Helping Patients Through Personalized Menus in Hospitals

By: Michael Engle

It is common for hospitals to trumpet "individualized care" for their patients, so that the patients may feel confident in their respective treatments. This is a necessary and proper mission, as doctors need an encyclopedic knowledge of symptoms, diseases, and treatments, while acknowledging that no two patients are identical. Considering the wide range of illnesses seen in hospitals, as well as the infinite treatment plans and post-op lifestyle changes, how would a hospital's food service survive as a fixed-concept restaurant? As recent trends and common sense both suggest, a rigid menu is paradoxical to hospitals' missions. Dawn Fallik, for The Wall Street Journal, outlined this transformation within the food service-at-health care industry, as hospital cafeterias are becoming more like, well, restaurants.

With respect to post-operative meal plans, patients not only have nutritional guidelines, e.g.: cancer patients are not allowed fresh herbs or raw vegetables due to bacterial concerns, but cravings that arise out of human nature and necessity. In Lance Armstrong's autobiography It's Not About the Bike, Armstrong recalled that despite his strict diet during chemotherapy, he had to make an exception for his hospital's apple fritters, as they were, at times, the only food items that could soothe Armstrong's stomach. More recently, an anonymous teenage cancer patient, who is referenced in Fallik's story, found that her taste buds were so severely weakened during her treatment, that the only flavor she could taste was lemon. As a result, the culinary staff at New York's Memorial Sloan-Kettering Cancer Center, led by executive chef Pnina Peled, created a lemon alfredo pizza.  This allowed the patient to eat the Italian food she desired, while incorporating enough lemons to provide some gastronomical satisfaction. Meanwhile, due to sufficient demand for anything "strong--sweet, spicy, or acidic--just so they can taste it," Houston's MD Anderson Cancer Center, now features Flamin' Hot Cheetos on its menu.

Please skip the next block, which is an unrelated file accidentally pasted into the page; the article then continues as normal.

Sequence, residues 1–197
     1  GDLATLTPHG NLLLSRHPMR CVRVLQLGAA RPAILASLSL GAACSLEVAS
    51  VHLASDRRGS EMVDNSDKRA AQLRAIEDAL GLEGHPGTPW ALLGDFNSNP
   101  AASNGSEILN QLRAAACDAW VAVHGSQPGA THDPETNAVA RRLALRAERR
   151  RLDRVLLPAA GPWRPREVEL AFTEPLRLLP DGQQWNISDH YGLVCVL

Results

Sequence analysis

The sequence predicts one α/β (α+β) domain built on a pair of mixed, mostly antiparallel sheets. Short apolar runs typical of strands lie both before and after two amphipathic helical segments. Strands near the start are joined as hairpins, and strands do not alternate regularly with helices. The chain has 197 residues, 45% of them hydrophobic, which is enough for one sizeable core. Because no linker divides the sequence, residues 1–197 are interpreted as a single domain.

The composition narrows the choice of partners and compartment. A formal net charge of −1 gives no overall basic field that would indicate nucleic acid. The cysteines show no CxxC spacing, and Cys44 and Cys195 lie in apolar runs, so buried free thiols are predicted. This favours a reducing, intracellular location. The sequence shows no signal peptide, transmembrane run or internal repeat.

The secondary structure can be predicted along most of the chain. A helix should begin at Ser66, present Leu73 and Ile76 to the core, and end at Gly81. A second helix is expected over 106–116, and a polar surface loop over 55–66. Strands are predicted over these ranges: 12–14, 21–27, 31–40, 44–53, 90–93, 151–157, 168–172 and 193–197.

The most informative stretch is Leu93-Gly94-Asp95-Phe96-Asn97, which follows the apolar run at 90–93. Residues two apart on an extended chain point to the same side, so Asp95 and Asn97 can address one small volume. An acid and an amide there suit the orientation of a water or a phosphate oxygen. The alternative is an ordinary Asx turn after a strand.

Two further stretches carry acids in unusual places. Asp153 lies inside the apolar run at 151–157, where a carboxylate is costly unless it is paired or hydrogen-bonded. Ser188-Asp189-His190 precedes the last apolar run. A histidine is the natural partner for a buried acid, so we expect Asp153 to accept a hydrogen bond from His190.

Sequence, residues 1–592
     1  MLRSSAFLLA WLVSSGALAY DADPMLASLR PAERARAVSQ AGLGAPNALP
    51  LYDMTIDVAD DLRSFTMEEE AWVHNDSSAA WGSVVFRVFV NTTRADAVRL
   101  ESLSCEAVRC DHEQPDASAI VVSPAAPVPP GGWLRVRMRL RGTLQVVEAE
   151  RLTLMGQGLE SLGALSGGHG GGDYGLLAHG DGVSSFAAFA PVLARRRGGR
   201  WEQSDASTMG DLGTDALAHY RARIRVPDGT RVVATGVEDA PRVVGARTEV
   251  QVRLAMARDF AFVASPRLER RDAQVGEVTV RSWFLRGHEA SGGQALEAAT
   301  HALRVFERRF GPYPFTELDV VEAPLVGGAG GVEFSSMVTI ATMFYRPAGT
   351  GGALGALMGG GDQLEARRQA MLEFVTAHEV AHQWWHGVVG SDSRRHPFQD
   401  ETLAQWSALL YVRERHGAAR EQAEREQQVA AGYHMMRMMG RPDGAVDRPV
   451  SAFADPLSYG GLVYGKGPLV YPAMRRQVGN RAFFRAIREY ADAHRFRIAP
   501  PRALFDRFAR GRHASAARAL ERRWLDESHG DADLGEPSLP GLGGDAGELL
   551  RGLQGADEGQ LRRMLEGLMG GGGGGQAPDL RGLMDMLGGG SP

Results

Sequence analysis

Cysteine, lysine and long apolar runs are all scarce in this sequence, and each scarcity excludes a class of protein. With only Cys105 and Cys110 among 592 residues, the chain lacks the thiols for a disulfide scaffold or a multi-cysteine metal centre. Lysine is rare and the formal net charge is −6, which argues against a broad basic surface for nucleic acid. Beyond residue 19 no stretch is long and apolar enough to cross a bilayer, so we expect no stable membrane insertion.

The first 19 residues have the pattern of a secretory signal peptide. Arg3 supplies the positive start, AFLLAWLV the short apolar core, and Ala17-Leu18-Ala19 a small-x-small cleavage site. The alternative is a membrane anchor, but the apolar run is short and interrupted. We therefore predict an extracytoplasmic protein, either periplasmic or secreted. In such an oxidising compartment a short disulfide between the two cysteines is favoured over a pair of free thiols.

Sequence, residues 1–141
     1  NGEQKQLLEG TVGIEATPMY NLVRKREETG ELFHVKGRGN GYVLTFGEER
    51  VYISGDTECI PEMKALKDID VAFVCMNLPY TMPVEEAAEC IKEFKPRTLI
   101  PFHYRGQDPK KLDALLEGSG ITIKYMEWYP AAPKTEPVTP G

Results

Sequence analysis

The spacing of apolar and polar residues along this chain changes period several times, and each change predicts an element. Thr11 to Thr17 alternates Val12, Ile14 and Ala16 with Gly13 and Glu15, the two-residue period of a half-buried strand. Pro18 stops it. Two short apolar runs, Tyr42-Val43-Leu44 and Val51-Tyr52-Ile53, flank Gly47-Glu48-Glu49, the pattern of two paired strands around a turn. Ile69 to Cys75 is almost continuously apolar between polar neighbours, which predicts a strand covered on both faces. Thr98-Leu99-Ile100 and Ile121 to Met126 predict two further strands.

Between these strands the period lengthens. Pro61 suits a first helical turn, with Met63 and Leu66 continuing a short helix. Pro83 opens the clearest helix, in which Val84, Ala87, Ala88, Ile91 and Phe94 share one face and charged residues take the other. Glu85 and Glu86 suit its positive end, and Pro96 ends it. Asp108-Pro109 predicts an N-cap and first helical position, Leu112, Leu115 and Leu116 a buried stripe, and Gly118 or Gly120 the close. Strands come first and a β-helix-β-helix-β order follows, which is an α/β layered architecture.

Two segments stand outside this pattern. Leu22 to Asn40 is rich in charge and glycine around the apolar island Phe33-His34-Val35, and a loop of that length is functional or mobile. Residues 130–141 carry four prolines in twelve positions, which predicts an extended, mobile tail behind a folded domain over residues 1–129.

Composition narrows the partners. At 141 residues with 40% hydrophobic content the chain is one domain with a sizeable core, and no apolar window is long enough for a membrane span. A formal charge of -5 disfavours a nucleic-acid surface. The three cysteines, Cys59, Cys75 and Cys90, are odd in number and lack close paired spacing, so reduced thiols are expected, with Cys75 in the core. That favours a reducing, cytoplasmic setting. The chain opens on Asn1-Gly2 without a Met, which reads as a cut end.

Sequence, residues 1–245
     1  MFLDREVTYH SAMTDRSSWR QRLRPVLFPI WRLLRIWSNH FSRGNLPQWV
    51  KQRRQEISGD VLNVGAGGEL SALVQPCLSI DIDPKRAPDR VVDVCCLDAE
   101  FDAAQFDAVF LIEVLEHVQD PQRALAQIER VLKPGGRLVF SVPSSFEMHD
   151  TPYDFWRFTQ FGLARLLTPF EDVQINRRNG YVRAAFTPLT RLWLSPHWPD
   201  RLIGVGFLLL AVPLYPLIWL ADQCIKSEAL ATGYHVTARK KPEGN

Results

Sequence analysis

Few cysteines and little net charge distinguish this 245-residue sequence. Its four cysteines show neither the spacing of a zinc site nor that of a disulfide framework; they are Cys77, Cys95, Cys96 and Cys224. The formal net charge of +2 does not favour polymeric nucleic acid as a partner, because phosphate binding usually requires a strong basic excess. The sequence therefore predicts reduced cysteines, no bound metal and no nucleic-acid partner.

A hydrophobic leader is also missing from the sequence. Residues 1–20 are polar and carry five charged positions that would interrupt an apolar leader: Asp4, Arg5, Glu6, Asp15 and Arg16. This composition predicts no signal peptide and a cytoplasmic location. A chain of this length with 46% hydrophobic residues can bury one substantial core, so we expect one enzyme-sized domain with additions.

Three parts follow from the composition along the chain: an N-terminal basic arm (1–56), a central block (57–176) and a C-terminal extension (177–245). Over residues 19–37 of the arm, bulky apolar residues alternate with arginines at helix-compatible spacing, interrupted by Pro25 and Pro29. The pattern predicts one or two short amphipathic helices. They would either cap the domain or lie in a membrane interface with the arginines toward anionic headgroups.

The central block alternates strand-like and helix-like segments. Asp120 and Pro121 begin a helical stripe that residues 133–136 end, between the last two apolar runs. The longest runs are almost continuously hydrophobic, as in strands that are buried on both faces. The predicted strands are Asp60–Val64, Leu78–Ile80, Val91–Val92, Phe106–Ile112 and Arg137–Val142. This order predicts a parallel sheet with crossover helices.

Incredibly, this new "custom" approach to hospital dining is not significantly more expensive than the status quo. Though certain fresh ingredients are more expensive, hospitals adapt by having less overhead. "Although we reinvented the menu, the trade off is that we saw a significant reduction in food waste," according to Veronica McLymont, director of food and nutrition services at Memorial Sloan-Kettering. "Patients now order what they want to eat, when they are ready to eat," she says. In fact, patients are able to order food at any time (until 9 P.M. each day) for on-call service, instead of having to request the next day's meals by the prior evening. These developments certainly represent a boom for health care satisfaction, as well as patients' nutrition. After all, if you're forced to call 911 instead of your favorite restaurant's reservation hotline, why not have quality food made especially with your dietary needs in mind?

Photo: Micah Sittig

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